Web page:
The reaction to the 1847 Reports and the subsequent efforts to establish a British School at Aberdare had a wider social and political significance since it created an alliance between nonconformists ministers and the emerging middle-class of tradesmen and professional men, who were in the main Welsh by birth, on contrast to the ironmasters.[16] For Price, it was the starting point of a career in local government. In 1853, he replaced the vicar of Aberdare, John Griffith as a member of the Merthyr Tydfil Board of Guardians. This was a notable landmark in that no nonconformist minister had previously been elected to such a local body in Aberdare.[17] In later years the proliferation of nonconformist ministers on public bodies would become a feature of the local politics of the Aberdare Valley and the election of Price in 1853 was therefore an important starting point. At this stage, Price served as a Guardian for only two years but returned to the Board in the early 1870s.[17]

In 1853 Price participated in the enquiry into public health in Aberdare.[18] In 1854, he became one of the inaugural members of the Aberdare Local Board of Health.[19] On this Board, Price become closely allied with Richard Fothergill despite their having come into conflict over the truck shop issue (see Trade Unionism and Industrial Relations, below). In 1857-58 Price supported Fothergill when the latter temporarily retired from public life following allegations of improper behaviour during an election.[20]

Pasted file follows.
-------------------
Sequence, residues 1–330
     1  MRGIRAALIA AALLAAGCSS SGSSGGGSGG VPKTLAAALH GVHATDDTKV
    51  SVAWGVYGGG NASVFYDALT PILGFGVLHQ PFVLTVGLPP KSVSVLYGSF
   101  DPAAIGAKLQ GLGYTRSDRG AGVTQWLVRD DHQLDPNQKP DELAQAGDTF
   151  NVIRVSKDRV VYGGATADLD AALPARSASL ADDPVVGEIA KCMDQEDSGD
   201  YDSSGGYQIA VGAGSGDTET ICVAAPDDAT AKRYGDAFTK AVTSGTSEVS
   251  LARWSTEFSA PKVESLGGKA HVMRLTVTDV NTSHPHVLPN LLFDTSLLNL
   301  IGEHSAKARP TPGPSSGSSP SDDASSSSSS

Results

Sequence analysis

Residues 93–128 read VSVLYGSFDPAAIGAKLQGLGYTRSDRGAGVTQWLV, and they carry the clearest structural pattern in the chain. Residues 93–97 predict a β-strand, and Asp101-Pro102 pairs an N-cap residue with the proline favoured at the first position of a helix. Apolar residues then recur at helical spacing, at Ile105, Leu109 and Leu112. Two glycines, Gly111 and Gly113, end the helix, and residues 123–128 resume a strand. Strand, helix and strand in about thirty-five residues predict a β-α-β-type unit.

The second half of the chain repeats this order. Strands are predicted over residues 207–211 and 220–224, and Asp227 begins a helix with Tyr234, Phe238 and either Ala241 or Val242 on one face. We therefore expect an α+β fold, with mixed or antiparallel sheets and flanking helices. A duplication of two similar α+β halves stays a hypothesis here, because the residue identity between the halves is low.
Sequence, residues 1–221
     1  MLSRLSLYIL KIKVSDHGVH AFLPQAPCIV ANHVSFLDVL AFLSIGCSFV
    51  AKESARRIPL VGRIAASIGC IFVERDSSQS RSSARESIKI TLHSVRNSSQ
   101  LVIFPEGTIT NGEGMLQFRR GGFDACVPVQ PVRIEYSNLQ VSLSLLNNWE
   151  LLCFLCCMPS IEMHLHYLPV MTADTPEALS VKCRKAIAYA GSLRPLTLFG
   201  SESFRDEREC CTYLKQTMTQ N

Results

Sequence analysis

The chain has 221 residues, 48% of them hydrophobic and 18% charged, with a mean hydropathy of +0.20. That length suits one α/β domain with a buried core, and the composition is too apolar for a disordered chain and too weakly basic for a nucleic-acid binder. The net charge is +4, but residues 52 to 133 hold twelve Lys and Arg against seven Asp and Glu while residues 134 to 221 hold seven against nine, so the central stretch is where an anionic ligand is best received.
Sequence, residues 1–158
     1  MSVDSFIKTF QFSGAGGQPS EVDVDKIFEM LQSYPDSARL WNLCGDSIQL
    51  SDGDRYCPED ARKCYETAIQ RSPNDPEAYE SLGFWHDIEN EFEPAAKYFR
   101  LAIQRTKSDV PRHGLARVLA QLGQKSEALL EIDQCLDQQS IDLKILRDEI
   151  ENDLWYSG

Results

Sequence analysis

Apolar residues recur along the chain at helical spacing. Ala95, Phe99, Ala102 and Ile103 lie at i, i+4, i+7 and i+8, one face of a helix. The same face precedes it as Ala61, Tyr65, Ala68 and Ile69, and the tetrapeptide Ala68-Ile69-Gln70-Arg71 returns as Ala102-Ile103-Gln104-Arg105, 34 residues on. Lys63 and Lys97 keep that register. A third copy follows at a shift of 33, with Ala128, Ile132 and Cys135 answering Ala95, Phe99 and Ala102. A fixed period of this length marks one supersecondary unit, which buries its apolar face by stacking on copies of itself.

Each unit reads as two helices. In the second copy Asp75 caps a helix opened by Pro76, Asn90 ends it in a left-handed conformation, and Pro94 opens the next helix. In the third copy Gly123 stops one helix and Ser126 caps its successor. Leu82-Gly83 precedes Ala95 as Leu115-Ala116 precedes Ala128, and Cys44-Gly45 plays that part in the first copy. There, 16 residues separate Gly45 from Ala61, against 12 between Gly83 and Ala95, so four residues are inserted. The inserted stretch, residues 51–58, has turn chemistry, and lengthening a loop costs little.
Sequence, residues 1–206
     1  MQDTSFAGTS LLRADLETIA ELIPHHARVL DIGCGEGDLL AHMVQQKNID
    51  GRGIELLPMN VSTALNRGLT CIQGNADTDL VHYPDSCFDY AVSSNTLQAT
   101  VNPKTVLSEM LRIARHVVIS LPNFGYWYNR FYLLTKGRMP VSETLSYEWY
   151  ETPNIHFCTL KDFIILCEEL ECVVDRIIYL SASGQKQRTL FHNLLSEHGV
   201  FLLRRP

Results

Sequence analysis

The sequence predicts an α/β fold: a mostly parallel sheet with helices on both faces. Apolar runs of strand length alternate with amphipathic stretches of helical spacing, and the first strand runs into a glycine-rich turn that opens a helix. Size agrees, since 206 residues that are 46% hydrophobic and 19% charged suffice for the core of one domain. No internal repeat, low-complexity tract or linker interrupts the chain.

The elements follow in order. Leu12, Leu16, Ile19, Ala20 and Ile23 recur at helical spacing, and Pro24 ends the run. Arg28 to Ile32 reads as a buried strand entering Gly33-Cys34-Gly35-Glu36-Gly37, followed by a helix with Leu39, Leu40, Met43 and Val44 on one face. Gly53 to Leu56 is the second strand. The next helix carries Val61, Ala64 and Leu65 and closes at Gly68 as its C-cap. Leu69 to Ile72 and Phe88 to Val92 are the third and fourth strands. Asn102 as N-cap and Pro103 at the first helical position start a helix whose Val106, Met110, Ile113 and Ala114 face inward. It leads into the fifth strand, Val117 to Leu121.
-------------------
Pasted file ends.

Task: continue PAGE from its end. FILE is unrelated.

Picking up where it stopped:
Price resumed his membership of the Board of Health in 1866 when he was elected at the head of the poll, and it was stated in the local press that "most people will rejoice very much to see the Rev. Dr. Price once more actively engaged in parish matters".[21]

Friendly societies, trade unionism and industrial relations[edit]

Price took a prominent part as he did in furthering the work of the Friendly Societies, particularly those of the Independent Order of Oddfellows, and the Ivorites. He held honorary offices in both organisations and there is little doubt that these activities contributed to the prestige in which Price was held by the working classed of Aberdare by the 1860s.[22]